Nearly 24 hours of dread ended yesterday afternoon when Henry and Iris Winters of Catonsville got word from the Navy: Their son was going to live, the only survivor of a Gulf of Oman helicopter crash that killed the three other crew members.
"He's recovering fine and the prognosis is good for a full recovery," said Mr. Winters. "We were so terrified at first because we'd heard he was in critical condition and all his crew mates were killed."
His son, Navy Lt. Bruce E. Winters, 26, was the co-pilot on the CH-46 Sea Knight helicopter when it crashed two days ago on a mountain in Fujairah, a tiny emirate on the Gulf of Oman. Local residents spotted the fire atop the mountain and found the helicopter wreckage, said Mrs. Winters, who has been in regular contact with the Navy since the accident.
Navy officials said that the helicopter had been returning from a routine logistics mission when it crashed near the town of Siji.
For the next 24 hours, the injured airman's parents and four younger siblings waited for a promising word from doctors at the Rashid Hospital in Dubai, a Persian Gulf emirate west of Fujairah.
About 1 p.m. yesterday, they received a phone call from the Navy, and the news was good.
"I've never been so relieved," Mrs. Winters said from the family home on Frederick Road.
Lieutenant Winters, a 1985 graduate of Catonsville High School and who graduated first in his naval cadet class at Pensacola, Fla., was listed in serious condition yesterday at Rashid Hospital with a broken leg, broken arm, cuts to his face and a contusion to his brain, his parents said.
The brain injury does not appear to be severe and Lieutenant Winters, still under heavy sedation, has been able to communicate using hand motions, his father said. But he is temporarily unable to speak and has a tube down his throat to assist the oxygen flow to his brain, Mr. Winters said.
The Navy said it hopes to send Lieutenant Winters back to the United States a week from tomorrow.
"The most traumatic thing for him, I think, will be that all his crew mates died. They were very close," Mr. Winters said.
His mother said, "He would say to me, 'Think of grandma's kitchen and put four beds in there. That's us. We eat and sleep together.' "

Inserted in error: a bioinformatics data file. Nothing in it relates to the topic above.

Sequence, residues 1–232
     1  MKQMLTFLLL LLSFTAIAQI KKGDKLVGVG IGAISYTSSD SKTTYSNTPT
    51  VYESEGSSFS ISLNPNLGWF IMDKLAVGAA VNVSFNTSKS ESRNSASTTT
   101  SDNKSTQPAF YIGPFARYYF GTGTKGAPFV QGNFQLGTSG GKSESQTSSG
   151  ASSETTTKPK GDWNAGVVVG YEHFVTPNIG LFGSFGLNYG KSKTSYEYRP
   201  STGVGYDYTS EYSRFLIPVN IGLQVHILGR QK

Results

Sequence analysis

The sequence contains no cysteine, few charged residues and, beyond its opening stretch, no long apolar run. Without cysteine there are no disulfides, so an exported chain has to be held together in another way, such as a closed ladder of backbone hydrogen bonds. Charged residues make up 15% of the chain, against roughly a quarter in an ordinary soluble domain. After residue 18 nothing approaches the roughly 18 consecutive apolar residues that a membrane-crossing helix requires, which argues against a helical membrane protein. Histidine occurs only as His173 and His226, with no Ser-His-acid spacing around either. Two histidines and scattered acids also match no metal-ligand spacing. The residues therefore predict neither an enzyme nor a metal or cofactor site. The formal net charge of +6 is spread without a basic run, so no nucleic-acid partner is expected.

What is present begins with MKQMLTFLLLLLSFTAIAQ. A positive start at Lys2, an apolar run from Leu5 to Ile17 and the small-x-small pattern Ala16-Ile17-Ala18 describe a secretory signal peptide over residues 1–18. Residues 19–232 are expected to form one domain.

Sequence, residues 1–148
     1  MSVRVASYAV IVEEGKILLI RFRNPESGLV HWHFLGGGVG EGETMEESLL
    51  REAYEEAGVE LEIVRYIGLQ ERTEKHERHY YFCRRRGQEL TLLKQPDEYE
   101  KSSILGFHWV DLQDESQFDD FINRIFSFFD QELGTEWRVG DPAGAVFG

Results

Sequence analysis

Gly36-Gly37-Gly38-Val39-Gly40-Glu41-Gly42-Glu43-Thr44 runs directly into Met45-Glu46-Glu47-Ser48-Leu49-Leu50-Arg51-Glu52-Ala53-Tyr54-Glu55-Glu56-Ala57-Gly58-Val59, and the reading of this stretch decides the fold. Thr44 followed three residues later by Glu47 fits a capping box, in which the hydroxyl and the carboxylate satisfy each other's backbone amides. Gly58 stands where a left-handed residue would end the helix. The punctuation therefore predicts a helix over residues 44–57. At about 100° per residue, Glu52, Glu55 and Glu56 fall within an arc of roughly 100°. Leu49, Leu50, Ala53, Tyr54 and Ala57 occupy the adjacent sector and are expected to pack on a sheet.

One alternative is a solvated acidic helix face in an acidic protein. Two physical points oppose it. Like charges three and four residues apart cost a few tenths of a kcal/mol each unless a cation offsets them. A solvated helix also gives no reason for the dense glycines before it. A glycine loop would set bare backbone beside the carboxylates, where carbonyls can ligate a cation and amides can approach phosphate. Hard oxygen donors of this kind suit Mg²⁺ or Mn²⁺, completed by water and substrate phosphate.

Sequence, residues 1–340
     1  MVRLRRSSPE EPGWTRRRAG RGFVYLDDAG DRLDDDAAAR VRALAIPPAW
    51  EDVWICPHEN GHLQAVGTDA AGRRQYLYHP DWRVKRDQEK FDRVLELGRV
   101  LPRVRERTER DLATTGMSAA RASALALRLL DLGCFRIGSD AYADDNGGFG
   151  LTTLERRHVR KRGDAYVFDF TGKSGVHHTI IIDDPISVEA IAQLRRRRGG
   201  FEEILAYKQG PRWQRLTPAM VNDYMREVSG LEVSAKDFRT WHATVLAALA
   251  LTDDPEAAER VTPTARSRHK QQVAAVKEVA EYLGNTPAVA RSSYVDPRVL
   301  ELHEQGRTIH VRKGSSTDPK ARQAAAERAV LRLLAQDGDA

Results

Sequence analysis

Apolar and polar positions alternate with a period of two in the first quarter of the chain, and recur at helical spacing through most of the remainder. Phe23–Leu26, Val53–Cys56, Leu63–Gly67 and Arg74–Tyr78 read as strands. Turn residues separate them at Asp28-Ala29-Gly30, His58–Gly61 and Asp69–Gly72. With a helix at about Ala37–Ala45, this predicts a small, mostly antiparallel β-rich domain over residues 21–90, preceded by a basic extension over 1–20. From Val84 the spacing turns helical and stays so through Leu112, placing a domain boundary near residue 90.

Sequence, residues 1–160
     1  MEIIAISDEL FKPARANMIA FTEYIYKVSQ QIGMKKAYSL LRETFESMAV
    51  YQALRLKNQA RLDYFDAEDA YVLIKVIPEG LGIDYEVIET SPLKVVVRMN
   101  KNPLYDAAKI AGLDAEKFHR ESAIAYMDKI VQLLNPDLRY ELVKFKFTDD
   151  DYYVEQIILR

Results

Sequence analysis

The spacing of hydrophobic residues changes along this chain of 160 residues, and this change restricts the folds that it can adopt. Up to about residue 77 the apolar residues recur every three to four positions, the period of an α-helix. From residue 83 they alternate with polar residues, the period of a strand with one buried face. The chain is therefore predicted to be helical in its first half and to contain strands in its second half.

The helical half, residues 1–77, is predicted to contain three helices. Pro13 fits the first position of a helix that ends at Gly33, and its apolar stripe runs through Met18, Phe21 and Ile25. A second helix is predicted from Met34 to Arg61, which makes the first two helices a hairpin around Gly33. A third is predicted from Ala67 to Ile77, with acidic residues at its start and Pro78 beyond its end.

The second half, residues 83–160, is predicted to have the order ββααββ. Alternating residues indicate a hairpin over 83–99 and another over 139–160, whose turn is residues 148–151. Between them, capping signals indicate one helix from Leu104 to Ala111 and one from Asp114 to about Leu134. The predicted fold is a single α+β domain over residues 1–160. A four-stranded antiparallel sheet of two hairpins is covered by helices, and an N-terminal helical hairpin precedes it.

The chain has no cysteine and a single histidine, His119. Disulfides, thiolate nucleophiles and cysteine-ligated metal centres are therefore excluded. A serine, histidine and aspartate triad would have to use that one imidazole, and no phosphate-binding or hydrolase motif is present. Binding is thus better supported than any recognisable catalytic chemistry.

Lieutenant Winters and the other three officers were stationed on the Guam-based supply ship USS White Plains. They regularly flew supply runs and search and rescue missions from the ship, which was docked in the gulf at the time of the accident. Their typical routine was flying supplies to aircraft carriers, cruisers and other ships, Mr. Winters said.
Lt. Jeffrey R. Roberts of Guam was among those killed. Names of the other two deceased will be released when their families have been notified, an official said.
The Navy is investigating what caused the crash.
Since joining the Navy four years ago, Lieutenant Winters has been to Korea and Singapore among other locations, his parents said.
Lieutenant Winters' interest in flying started as a young boy when the family was living in Munich, Germany, where his father was stationed as an employee of the Defense Department, Mrs. Winters recalled.
"He would watch the sail gliders go overhead and he would race after them on his bike to find out where they were coming from," she said. "He would quiz the pilots and ask them all sorts of questions. He was so interested in getting into the air."
He kept that interest as he grew up and started out flying solo at Martin State Airport in Essex. Despite the tragedy, the lieutenant's mother said, she doesn't think he will lose his love for flying.
"He's always said, 'I gotta fly, I gotta fly,' " his mother said.